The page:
Mr. MARTIN: Yes, it is an exaggeration in the sense that, for a start, he was actually 11 when his grandfather died. But it’s true that when the grandfather had the illness that lead his death, Garcia Marquez was eight. And it’s also true that he said that every time anything’s happened to him for the rest of his life, he’s had a kind of impulse to tell grandfather. And, of course, grandfather hasn’t been there for, well, quite a lot of years, now.
NEARY: But even as a child, he was – and a as a young man, certainly, he was an irrepressible storyteller, it sounds like. He also loved to tell stories, didn’t he?
Mr. MARTIN: Yes, he did. And being, you know, how grandparents adore children and spoil them and all the rest of it and think that everything they do is wonderful because you’re getting the chance to enjoy it all over again, I think he always had a ready audience, and there were lots of people always passing through the house. And I think the cleverer he got and the more stories he told, the more everybody applauded him. And so I think he did get that feeling which he’s talked about later in life, that people love you if you tell stories. And so he’s always told stories so that people would love him.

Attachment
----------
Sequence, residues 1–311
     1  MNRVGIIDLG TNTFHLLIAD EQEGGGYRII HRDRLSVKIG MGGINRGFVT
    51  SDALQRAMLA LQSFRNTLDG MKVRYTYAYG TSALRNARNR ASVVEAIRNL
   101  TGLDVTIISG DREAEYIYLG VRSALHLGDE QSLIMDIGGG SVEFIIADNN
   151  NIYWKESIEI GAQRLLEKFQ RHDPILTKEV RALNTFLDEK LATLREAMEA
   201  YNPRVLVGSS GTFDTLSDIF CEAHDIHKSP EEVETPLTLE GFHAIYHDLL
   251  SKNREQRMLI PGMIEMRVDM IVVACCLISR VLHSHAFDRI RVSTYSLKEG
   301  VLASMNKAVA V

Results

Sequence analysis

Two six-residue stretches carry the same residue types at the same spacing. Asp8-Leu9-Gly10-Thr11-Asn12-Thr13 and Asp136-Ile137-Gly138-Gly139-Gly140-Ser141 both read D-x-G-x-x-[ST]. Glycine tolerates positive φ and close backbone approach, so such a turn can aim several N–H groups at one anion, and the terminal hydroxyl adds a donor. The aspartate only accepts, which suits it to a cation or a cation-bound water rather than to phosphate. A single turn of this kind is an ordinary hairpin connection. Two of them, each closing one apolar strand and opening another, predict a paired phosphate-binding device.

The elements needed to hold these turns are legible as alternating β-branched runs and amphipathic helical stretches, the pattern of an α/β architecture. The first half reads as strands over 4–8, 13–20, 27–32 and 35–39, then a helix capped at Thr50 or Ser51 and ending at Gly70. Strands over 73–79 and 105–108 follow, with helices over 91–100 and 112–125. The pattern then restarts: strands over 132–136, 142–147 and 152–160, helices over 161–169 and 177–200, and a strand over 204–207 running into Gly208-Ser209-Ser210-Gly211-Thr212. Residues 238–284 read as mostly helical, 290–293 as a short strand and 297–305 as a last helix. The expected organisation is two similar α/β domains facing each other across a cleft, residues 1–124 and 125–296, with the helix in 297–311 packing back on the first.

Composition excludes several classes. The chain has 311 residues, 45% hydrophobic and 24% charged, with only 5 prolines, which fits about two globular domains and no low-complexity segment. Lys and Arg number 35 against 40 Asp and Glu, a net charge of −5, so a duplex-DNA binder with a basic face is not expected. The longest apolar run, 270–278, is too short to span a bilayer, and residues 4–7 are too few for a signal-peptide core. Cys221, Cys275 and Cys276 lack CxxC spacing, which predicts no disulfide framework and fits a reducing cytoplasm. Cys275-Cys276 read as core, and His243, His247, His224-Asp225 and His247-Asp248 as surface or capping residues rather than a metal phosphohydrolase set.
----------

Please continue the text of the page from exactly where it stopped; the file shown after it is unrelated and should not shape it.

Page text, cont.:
(Soundbite of laughter)
Mr. MARTIN: And it certainly worked.
NEARY: If you’re joining us, you are listening to TELL ME MORE from NPR News. And we’re talking with Gerald Martin, author of “Gabriel Garcia Marquez: A Life.”
Now, he grew up and he came of age at a time when Colombia and all of Latin America were going through a great deal of political upheaval, and he himself got caught up in those politics, didn’t he?